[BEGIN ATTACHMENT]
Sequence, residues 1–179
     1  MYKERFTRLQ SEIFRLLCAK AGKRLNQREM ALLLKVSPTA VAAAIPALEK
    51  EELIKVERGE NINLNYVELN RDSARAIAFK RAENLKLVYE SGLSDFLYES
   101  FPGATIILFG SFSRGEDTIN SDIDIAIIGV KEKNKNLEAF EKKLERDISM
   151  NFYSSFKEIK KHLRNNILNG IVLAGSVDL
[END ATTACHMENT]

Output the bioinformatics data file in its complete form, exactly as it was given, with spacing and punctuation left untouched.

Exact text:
Sequence, residues 1–179
     1  MYKERFTRLQ SEIFRLLCAK AGKRLNQREM ALLLKVSPTA VAAAIPALEK
    51  EELIKVERGE NINLNYVELN RDSARAIAFK RAENLKLVYE SGLSDFLYES
   101  FPGATIILFG SFSRGEDTIN SDIDIAIIGV KEKNKNLEAF EKKLERDISM
   151  NFYSSFKEIK KHLRNNILNG IVLAGSVDL